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Final Report Summary - BELLA (Binary Evolution and Low-Level Accretion)

Accretion is a fundamental physical process in which an astronomical body gravitationally attracts material from its surrounding. Accretion plays an important role at all scales encountered in the universe, ranging from the formation of stars and planets on the one end, to the formation of large-scale structures through accretion by galaxy clusters at the other. Understanding how accretion proceeds under a wide range of physical conditions is therefore a central theme in modern astrophysics.

X-ray binaries allow us to study accretion onto some of the most extreme objects in our universe: black holes and neutron stars. These are the remnants of once massive stars that ended their life in a supernova explosion. Black holes and neutron stars are often found in binary star systems, in which they are accompanied by a normal (Sun-like or smaller) star. In such a configuration, the immense gravity exerted by black holes and neutron stars allows them to strip off and accrete the outer gaseous layers of their companion star. This process results in the liberation of enormous amounts of gravitational energy that is converted into electromagnetic radiation, most prominently X-rays.Black holes and neutron stars are messy eaters, and some of the gas stripped from their companion is not consumed but rather spit into space via outflows that occur in the form of winds and collimated jets. The radiation of X-ray binaries can be observed and analysed with ground-based telescopes and space-based astronomical satellites to gain insight into the accretion process. Apart from gaining more knowledge about this fundamental physical process, understanding how accretion proceeds in X-ray binaries is also of utmost importance for understanding how these binary star systems are formed and evolve.

The brightness of X-ray binaries is proportional to the rate at which gas is accreted onto the neutron star or black hole. The brightest objects are most easily observed, and therefore most of our knowledge of accretion in X-ray binaries has been inferred from studying high mass accretion rates. At lower accretion rates, however, the accretion geometry, physical emission mechanisms, and outflow properties may be very different. Recent technological developments now finally allow a detailed study the low accretion regime in X-ray binaries. The aim of this 2-year Marie Curie project was to target faint X-ray binaries using dedicated observing strategies, to further our knowledge of low-level accretion onto (stellar-mass) black holes and neutron stars.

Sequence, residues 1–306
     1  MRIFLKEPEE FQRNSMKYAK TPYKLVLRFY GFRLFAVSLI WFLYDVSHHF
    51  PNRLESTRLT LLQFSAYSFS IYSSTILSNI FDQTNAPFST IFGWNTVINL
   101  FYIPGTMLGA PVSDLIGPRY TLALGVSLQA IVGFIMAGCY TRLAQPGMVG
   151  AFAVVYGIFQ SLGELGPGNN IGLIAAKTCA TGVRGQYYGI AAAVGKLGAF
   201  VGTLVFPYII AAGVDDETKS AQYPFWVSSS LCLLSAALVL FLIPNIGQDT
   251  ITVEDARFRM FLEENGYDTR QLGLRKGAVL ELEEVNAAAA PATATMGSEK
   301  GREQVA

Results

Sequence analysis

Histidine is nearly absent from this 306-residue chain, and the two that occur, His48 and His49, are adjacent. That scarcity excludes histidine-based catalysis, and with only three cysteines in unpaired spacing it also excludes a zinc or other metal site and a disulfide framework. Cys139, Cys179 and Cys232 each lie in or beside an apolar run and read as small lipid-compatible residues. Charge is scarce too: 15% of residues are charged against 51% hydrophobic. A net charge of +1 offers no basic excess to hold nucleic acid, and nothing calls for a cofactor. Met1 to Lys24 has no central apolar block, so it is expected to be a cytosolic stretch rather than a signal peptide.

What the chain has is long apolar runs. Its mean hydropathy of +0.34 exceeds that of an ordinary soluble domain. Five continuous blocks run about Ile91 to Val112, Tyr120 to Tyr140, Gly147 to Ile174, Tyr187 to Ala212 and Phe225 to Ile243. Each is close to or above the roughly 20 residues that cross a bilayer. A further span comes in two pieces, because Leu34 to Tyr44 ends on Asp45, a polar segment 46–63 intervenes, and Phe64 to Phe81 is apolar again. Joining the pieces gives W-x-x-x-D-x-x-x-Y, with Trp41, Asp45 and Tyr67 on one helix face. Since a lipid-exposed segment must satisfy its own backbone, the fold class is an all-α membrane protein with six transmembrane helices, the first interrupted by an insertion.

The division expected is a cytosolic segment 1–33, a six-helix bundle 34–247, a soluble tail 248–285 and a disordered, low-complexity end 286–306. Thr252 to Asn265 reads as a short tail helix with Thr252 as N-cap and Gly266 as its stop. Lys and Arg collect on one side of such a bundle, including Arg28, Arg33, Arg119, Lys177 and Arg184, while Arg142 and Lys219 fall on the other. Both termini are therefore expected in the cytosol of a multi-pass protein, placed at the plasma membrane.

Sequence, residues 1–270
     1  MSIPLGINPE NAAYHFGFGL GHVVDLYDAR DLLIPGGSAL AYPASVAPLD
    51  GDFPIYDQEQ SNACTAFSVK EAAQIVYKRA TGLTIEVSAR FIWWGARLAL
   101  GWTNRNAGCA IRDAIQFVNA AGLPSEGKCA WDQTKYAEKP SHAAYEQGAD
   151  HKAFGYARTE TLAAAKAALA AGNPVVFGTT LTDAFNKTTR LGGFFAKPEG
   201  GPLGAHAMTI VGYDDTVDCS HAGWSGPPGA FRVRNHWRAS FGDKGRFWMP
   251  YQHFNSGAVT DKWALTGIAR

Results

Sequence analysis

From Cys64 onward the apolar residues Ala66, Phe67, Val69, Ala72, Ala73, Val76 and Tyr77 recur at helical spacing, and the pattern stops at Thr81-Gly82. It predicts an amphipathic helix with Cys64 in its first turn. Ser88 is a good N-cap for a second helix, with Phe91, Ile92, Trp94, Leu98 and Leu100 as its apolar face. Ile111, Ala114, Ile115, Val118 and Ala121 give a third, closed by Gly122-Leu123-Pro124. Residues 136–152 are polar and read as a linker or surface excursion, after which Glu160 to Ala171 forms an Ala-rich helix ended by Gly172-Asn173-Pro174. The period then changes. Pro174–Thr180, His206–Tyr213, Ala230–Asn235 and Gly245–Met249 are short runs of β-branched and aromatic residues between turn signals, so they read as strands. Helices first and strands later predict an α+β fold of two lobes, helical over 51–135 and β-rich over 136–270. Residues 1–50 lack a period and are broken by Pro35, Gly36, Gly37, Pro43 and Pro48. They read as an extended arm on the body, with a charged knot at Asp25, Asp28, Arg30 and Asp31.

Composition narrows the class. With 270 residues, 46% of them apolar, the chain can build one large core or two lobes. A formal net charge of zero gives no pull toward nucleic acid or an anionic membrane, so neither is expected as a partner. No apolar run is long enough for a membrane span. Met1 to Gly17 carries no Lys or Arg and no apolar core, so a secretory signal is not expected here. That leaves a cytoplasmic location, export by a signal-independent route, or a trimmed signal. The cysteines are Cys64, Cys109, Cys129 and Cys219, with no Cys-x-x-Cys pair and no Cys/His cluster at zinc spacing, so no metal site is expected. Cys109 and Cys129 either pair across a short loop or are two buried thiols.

During this project, various techniques were employed to study the accretion flow in a number of different X-ray binaries using state of the art X-ray satellites. Firstly, X-ray spectroscopy and long-term (10-yr baseline) X-ray light curves obtained with NASA’s Swift observatory were used to quantify the overall energy output in X-ray binaries accreting at low rates (Degenaar et al. 2015, JHEAp 7, 137). Secondly, X-rays reflected of the inner accretion disk and observed with the satellite NuSTAR were used to study the (changing) accretion geometry (Degenaar et al. 2015, MNRAS Letters 451, L85; Degenaar et al. 2016, MNRAS 456, 4256; Degenaar et al. 2016, MNRAS 461, 4049; Degenaar et al. 2017, MNRAS 464, 398). Thirdly, high-resolution X-ray spectroscopy performed with the Chandra X-ray observatory was used to study the presence of winds driven of the accretion disk (Degenaar et al. 2016, MNRAS 461, 4049; Degenaar et al. 2017, MNRAS 464, 398). Finally, whether accretion stops at the lowest X-ray brightness states was studied by performing X-ray spectroscopy of data obtained with the Chandra satellite (Degenaar et al. 2015, MNRAS 451, 2071; Degenaar et al. 2017, MNRAS Letters 465, L10).

The general outcome of this Marie Curie project is a showcase of how different (X-ray) analysis techniques and dedicated observing strategies can yield important information on the accretion flow properties in faint X-ray binaries. Most of the results of the project were obtained by using these X-ray spectroscopy techniques, which yield information on the inner part of the accretion flow (nearest to the black hole or neutron star), but ground work for multi-wavelength observations (extending from X-rays to UV, optical, infrared and radio) to study the entire accretion flow and associated outflows was also laid. Apart from gaining more insight into the accretion process itself, this is a very important step to achieve a better understanding of the formation and evolution of X-ray binaries.

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United Kingdom
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